There is a tension in the Christian life for those of us who embrace that God calls us to a single-minded devotion to him. We believe and embrace that God is supreme in all things, that our deepest joy is found in him alone. And God has surrounded us with wonderful, beautiful, enjoyable, and delightful things—people, hobbies, and everything else. There is a tension of how do I bring this single-minded pursuit of God in relation to all the stuff. There are two dangers that we can fall into: idolatry and ingratitude.
Idolatry is when we feel that the things of earth are too precious to us, we love them too much. We don’t know what too much means but we love them too much and so we’re worried about idolatry.
The created world reveals. It makes invisible attributes visible. The heavens declare the glory of God.
On the other hand, we can be ungrateful. In order to avoid the idolatry danger, we keep things of earth at an arm’s length. We just kind of stiff-arm them a little bit because we don’t want them to become too precious to us. We don’t want them to distract us and so we thin out creation in a pious desire to seek the glory of God alone or above all things. As a result, God’s trying to give us things, he’s being generous and open-handed and we’re saying No, stop.
That’s the tension that most Christians feel and it comes from the fact that we're separating the gifts of God from God by putting him on one side of the scales and all of the good things in our lives on the other side, saying let’s see which one of those is more valuable and more precious.
Knowing God through His Gifts
If you do that, the only biblically right answer is God is. Let goods and kindred go, this mortal life also. I’ve got God and that’s enough. Everything else is loss compared to him.
That’s a comparative way of thinking about God's relation to his gifts, but it’s not the only way. I think this is what many Christians can miss. Don't just think of them as a zero-sum game of either this or this because these things are actually designed to lead us to God.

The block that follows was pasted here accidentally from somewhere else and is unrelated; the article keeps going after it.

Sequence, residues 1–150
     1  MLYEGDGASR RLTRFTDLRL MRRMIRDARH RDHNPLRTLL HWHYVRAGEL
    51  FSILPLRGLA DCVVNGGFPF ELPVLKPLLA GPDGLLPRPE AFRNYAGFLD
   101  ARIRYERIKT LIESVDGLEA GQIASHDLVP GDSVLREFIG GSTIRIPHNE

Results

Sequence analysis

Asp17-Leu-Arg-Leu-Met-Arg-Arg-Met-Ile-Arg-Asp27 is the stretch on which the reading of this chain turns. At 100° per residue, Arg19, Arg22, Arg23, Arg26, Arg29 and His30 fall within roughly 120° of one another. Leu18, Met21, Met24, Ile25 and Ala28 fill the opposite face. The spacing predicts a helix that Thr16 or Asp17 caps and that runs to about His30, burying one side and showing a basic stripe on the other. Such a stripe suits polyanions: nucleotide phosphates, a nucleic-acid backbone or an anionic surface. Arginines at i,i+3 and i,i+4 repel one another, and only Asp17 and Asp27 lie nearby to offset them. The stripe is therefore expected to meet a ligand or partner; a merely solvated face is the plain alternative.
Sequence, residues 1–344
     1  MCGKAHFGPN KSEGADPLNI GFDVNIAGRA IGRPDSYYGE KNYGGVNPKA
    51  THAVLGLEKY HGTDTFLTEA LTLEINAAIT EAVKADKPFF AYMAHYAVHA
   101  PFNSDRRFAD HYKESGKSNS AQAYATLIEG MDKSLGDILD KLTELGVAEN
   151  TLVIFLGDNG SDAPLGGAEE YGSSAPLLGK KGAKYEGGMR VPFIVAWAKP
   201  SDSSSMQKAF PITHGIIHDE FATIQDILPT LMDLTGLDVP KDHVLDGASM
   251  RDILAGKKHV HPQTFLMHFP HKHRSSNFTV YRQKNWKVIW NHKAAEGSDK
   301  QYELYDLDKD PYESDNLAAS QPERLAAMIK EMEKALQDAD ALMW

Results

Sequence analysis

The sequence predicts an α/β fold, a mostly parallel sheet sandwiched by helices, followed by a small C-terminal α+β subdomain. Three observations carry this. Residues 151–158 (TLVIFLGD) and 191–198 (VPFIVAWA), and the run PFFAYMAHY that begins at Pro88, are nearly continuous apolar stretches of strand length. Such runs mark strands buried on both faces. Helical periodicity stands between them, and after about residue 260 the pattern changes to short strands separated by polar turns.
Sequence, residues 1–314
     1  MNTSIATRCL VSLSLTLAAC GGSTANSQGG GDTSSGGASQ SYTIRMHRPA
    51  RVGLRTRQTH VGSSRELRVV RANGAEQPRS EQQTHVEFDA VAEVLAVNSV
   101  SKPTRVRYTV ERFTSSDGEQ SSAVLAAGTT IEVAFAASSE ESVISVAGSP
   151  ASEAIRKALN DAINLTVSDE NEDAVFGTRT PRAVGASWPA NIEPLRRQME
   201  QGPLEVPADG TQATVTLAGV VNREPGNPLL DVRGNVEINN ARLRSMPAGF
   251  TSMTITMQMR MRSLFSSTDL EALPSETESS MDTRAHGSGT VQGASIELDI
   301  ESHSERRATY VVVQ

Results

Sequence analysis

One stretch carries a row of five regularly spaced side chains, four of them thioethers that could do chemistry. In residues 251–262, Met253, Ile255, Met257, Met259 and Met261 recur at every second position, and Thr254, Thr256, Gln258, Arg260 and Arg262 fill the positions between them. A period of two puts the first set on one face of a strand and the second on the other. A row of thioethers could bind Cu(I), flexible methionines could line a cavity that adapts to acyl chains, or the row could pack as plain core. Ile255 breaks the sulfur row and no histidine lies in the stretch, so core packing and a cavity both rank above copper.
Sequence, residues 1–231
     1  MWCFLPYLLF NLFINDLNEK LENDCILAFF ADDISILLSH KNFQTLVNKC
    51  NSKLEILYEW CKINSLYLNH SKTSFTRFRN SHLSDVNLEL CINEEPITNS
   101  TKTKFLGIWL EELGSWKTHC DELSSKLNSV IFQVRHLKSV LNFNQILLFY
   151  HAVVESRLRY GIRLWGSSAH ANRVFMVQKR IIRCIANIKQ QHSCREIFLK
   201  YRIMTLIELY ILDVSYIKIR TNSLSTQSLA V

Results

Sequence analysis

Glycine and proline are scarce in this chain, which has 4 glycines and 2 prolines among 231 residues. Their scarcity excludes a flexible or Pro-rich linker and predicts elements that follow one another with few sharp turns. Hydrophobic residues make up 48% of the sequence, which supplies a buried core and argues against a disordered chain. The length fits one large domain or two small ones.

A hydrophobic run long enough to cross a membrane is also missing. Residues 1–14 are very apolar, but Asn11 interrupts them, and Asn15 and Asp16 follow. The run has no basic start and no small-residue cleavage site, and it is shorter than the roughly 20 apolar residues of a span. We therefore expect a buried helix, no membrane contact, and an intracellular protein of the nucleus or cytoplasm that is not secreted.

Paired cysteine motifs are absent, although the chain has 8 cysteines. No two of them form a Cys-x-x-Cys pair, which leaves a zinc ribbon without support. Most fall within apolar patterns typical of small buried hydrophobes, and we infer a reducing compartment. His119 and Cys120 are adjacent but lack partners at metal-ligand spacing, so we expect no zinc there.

It’s through the gifts that we come to know him more fully. That’s what might be called an integrated approach—where we’re enjoying everything in God and we’re enjoying God in everything because everything is a revelation, manifestation, expression, declaration of who he is, what he’s like. The created world reveals. It makes invisible attributes visible. The heavens declare the glory of God.
For His Sake
We can find God everywhere, and if we do that, then all of reality becomes an invitation. Everything in reality from our family to our food to our hobbies to the natural world—all of it is God saying, Come, know me in very deep and real way, because you’ve known the things that I’ve made.
That comparative approach is valuable. It must be done. We have to say, Whom have I in heaven but you? On earth there's nothing I desire besides you. Then having done that, having established deep in our soul that God is supreme, we love him above all. Then, we recover and he gives them back to us and says, “Now enjoy them for my sake.”
That’s a wonderful biblical balance between comparing God and his creation and then enjoying his creation for his sake.
Readers of C. S. Lewis may be quite surprised to discover that the man behind the pen was a bit different than how he may be perceived through his writing.
The great privilege of man is to receive everything that God gives, and then to enjoy it and to enjoy him in it.
You can either put God at the center of the universe in your heart or you can put yourself or something else there.